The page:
It is a bitter irony that this organization applauds itself for securing its own religious liberties whilst cruelly snatching the same from those who dare to question its practices through the threat of shunning.
Dedications versus downsizing
Yearbooks traditionally report on new branch dedications and this year is no exception, as you will find on pages 39 to 43. South Korea, Liberia, Georgia, Myanmar and Moldova all received newly built or renovated branch facilities, so Governing Body members Lett, Morris, Pierce and Splane were dispatched to bring some celebrity to the proceedings.
But again, we see only one side of the coin, giving us the impression that Watchtower is enjoying relentless international growth. No attempt is made to chronicle or explain the number of branches closed in the same year as part of Watchtower’s ongoing downsizing (or “consolidation”) initiative. It is noteworthy that branch levels continue to plummet from their 2009 peak of 118 to just 91 as of last year.
My eyebrow was raised by an experience recounted on pages 63 and 64, in which an Armenian mother and daughter stood for two hours in bad weather in an effort to meet some Witnesses. Their reason? They had heard “defamatory propaganda” against the Witnesses on TV programs and posters, and couldn’t fathom how any of it could be true.
A close relative of theirs had encountered Witnesses incarcerated as conscientious objectors during his stay in prison. As a result of their influence he had come out a changed man. “My uncle is such a wonderful person. So why are there so many bad things being said about Jehovah’s Witnesses?” exclaimed the daughter, Yeva.
Well, Yeva, though I don’t know what they’ve been saying over there in Armenia (because Watchtower doesn’t tell us), I can tell you that bad things are rightly said about Jehovah’s Witnesses in most other countries because their leaders, the Watch Tower Society, have an atrocious track record of mishandling child abuse, dissuading young people from attending college, making it almost impossible for beaten wives to leave their husbands, allowing people to die by refusing medical treatment involving blood, and coercing families to shun loved ones who decide to leave.
Meanwhile, Watchtower claims that so-called apostates, those who dare to speak out against the organization, are “mentally diseased” liars, the composite “man of lawlessness,” who speak “gangrenous” words and eat at the table of demons and seek to draw off followers after themselves.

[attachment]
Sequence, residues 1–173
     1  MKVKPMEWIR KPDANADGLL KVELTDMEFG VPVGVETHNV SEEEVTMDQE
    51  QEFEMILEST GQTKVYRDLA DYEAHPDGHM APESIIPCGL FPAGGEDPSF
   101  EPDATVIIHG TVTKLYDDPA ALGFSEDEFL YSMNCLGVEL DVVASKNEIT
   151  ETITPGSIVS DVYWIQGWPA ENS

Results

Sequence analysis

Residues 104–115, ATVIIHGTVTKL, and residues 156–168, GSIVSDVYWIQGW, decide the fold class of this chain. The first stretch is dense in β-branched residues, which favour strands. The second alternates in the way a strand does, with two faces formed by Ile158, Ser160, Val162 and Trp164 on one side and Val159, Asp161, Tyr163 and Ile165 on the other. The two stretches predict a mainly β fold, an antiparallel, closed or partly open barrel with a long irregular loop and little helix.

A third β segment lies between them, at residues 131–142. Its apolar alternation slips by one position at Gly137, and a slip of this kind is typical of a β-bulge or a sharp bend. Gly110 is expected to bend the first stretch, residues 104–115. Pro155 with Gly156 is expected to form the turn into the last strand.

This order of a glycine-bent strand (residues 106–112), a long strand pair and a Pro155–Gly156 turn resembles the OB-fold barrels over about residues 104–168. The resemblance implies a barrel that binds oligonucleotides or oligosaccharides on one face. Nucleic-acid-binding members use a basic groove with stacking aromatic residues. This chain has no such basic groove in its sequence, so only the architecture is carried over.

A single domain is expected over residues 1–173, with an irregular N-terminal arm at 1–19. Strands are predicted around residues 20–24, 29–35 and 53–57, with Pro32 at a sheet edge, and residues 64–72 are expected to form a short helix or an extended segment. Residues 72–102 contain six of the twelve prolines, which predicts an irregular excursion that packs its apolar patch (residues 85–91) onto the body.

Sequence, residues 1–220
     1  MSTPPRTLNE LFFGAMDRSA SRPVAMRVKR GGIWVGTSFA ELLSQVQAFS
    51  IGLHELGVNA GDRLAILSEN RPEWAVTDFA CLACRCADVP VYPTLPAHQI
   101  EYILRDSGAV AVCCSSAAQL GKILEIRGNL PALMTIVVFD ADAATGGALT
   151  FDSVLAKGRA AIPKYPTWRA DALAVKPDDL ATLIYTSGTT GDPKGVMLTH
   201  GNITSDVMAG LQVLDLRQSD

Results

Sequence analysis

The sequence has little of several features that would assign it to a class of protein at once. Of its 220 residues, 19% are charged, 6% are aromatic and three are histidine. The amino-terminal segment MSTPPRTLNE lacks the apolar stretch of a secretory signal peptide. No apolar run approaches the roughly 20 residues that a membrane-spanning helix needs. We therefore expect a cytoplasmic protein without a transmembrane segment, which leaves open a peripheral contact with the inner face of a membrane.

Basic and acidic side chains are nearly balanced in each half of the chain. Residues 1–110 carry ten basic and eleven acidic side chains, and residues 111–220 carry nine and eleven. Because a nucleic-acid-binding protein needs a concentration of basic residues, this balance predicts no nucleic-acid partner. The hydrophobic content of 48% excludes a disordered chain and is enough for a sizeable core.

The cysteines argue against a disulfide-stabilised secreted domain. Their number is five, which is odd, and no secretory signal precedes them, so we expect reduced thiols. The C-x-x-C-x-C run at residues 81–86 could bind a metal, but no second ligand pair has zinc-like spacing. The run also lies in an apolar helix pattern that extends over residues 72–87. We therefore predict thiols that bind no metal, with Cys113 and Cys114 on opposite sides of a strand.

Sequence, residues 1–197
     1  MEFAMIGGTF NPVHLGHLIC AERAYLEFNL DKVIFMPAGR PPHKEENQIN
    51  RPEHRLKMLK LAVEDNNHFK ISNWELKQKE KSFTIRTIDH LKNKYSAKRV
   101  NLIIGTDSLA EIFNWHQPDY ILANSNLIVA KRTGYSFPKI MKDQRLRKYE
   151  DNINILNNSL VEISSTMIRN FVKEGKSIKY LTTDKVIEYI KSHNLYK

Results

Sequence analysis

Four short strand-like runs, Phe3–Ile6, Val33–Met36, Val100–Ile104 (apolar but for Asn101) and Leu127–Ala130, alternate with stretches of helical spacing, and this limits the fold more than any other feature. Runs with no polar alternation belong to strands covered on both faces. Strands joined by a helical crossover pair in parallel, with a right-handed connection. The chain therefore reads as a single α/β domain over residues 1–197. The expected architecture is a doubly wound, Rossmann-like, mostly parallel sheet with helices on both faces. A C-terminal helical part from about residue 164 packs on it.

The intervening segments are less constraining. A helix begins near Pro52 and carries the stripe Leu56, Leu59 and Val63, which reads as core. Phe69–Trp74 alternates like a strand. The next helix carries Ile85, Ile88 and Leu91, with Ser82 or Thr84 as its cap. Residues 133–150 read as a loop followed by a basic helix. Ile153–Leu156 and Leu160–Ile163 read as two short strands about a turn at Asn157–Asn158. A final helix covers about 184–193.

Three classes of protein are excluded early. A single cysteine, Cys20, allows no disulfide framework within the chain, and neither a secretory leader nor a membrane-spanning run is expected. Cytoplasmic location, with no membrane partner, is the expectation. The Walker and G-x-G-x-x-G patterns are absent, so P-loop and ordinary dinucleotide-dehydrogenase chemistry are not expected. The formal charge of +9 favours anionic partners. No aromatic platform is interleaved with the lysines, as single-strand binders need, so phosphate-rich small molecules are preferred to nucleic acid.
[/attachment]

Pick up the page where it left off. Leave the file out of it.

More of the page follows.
And this is not considered “defamatory propaganda?”
Working for the police is NOT okay
I had to gasp in wonder while reading an experience between pages 65 and 67 in which a young Nepalese man with half the name of a Flintstone’s character is brought into the Witness fold.
Bam had been a policeman when he first met the Witnesses, but during the course of studying with them he felt pangs of conscience regarding his profession. It seems being a policeman and arresting bad guys also features on the long list of things that make Jehovah sad.
Bam first asked his superiors for a desk job in the hopes of calming his troubled mind, and they readily agreed. This allowed Bam to hang up his gun and handcuffs and avoid losing sleep as to whether he might end up hurting any criminals. But after attending a District Convention, Bam decided that even this wasn’t going quite far enough to satisfy his new religion.
Bam ended up leaving the police force altogether and becoming a rickshaw driver to the initial (and understandable) consternation of his wife.
Eventually his wife also became a Witness and saw the error of her ways in wanting Bam to remain as a policeman. After all, apart from the money, she had been overly concerned about her “social standing” as the wife of a Nepalese police officer.
And so the whole family became Witnesses and all lived happily ever after, especially after Bam did the math and discovered he was earning more as a rickshaw driver than he was previously as a policeman.
It remains to be seen whether Bam feels the same way about that desk job once he has aged a bit more and his knees have started to buckle.
And the moral of the story is: Jehovah’s Witnesses can benefit from the work of law enforcement – they just can’t become police officers themselves.
Self-sacrifice, or self-endangerment?
A number of stories in the 2014 Yearbook, like the one above, seem to center on individuals making unreasonable and sometimes absurd or even dangerous sacrifices to demonstrate or affirm their loyalty to Watchtower.
Here are just a few examples…
- Man sells his bike for building project (p.37) Malachi is an elder living in Burundi who decided to sell his bicycle, his main source of livelihood, to free him to take time off work to assist with a kingdom hall build. After giving most of the proceeds from the sale of his bike to his wife to care for his family, he put the rest of the money in the contribution box (as though his volunteer labor wasn’t quite enough). This apparent recklessness was later rewarded when Malachi found employment in construction based on the experience he gained on the building project, and he has even since been able to afford a new bike. Even so, it doesn’t sit well with me for Watchtower to be recommending this kind of gung-ho “endanger your family’s long-term welfare for us, and it will all pan out eventually” approach – especially in poor countries where work can be scarce.
- Seventy-year-old woman walks in bad weather to attend a meeting (pp.48-49) – apparently walking for two hours in the pouring rain is what you should do if you’re a seventy-year-old Witness woman anxious to attend your meeting and there is no bus.